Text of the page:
One thing which is predictable for an employment lawyer is regular queries regarding the calculation of annual leave when it comes to part-time employees and bank holidays. It is important to get this calculation correct, and to ensure that all staff are being treated equally.
It is set out in law that employers cannot treat a part-time employee less favourably than full-time and, therefore, the former needs to be allowed the equivalent entitlement to annual leave, calculated on a pro rata basis in accordance with the hours they work. So far, so good – all employees grasp this concept pretty easily, and it is simple to work out where a part-time employee works five days a week but shorter days, for example.
Where the situation can become more complicated is when a part-time employee works a set number of days per week – some of which fall on bank holidays – and some that do not. It is easy to see how, without a transparent method of calculation, that bank holidays can be a tricky area.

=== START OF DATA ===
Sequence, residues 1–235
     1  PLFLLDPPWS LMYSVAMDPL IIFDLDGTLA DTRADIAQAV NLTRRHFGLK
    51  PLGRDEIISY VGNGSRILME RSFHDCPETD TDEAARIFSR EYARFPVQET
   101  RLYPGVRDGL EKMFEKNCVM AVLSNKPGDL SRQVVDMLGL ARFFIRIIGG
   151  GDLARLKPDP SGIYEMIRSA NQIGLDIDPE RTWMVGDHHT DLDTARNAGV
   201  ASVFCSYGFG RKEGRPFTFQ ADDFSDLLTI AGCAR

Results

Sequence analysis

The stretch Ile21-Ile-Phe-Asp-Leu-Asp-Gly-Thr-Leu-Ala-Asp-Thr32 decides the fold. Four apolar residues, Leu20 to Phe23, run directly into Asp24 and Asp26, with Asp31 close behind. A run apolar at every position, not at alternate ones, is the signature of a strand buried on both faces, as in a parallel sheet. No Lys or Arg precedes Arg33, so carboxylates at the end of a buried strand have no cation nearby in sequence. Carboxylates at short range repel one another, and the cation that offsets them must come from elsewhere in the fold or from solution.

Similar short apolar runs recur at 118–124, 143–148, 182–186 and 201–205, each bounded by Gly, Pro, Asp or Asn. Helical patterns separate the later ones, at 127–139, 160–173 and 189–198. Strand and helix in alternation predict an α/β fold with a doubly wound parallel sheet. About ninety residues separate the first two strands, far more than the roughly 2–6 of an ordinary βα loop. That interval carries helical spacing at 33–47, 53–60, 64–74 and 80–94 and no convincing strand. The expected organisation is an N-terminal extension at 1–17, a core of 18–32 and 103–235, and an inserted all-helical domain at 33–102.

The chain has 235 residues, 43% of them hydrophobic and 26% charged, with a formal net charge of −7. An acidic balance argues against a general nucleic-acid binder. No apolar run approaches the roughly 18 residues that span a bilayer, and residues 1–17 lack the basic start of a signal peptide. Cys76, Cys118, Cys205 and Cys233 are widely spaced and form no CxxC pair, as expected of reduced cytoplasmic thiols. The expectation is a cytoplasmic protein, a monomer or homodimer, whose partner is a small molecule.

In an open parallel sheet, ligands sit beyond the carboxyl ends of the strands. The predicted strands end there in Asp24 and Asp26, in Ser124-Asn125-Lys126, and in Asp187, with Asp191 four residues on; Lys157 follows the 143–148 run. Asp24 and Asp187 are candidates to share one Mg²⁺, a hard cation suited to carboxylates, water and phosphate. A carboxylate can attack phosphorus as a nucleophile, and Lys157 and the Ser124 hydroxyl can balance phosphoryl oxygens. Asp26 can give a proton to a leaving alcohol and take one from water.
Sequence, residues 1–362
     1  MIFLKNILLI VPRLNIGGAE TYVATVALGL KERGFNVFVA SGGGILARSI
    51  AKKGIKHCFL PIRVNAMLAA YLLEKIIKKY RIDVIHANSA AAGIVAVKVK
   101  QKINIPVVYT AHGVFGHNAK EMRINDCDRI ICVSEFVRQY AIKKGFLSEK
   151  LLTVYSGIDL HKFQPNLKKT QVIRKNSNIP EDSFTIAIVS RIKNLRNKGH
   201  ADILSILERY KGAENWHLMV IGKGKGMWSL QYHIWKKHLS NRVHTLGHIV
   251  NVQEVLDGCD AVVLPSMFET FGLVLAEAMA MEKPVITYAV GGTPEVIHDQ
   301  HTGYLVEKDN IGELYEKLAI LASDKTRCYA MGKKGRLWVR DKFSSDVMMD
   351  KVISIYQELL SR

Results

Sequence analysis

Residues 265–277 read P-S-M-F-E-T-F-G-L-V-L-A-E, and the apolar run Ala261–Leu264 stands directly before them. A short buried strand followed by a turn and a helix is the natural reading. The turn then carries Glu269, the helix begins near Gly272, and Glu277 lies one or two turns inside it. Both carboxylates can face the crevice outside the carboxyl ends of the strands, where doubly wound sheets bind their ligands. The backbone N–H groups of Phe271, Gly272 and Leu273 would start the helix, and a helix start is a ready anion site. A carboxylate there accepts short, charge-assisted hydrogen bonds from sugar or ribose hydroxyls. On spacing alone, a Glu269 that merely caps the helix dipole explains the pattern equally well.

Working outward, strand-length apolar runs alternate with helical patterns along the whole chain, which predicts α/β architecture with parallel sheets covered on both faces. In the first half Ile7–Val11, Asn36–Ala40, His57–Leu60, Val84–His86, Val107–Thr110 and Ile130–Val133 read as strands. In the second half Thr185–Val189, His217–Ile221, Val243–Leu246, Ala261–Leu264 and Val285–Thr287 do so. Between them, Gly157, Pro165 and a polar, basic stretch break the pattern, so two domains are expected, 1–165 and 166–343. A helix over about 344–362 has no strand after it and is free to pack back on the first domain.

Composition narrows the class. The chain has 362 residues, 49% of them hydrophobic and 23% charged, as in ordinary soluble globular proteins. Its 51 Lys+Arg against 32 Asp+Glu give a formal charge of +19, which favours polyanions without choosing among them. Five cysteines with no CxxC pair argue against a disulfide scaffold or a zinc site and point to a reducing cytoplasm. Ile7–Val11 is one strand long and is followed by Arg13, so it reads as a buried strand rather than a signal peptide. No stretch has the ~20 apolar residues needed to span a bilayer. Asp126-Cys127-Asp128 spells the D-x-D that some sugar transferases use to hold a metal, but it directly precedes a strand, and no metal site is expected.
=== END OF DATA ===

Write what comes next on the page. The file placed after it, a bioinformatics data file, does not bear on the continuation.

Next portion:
All employees are entitled to a minimum of 5.6 weeks’ (28 days FTE) paid annual leave, which can include bank holidays.
The easiest way to deal with the bank holiday for a part-time employee is to pro rata the entire holiday entitlement including any bank holiday allowance by way of either days, or hours (essential if an employee works various hours on different days) and then to deduct holiday taken for any bank holidays which fall on days worked.
An employee works three days a week – Monday, Tuesday and Wednesday. The company gives full-time employees 5.6 weeks' holiday entitlement, including bank holidays. The organisation observes the bank holidays and employees are paid for the time off.
The employee has a pro rata holiday entitlement of 5.6 weeks x 3 days worked a week = 16.8 days including bank holidays.
Where the bank holiday falls on a Monday – a normal working day for the part-time employee – the entitlement is reduced by one day and the staff member receives their pay as normal.
Where the bank holiday – Good Friday, for example – falls on a non-working day, there is no deduction to make and the employee does not receive any pay for the day.
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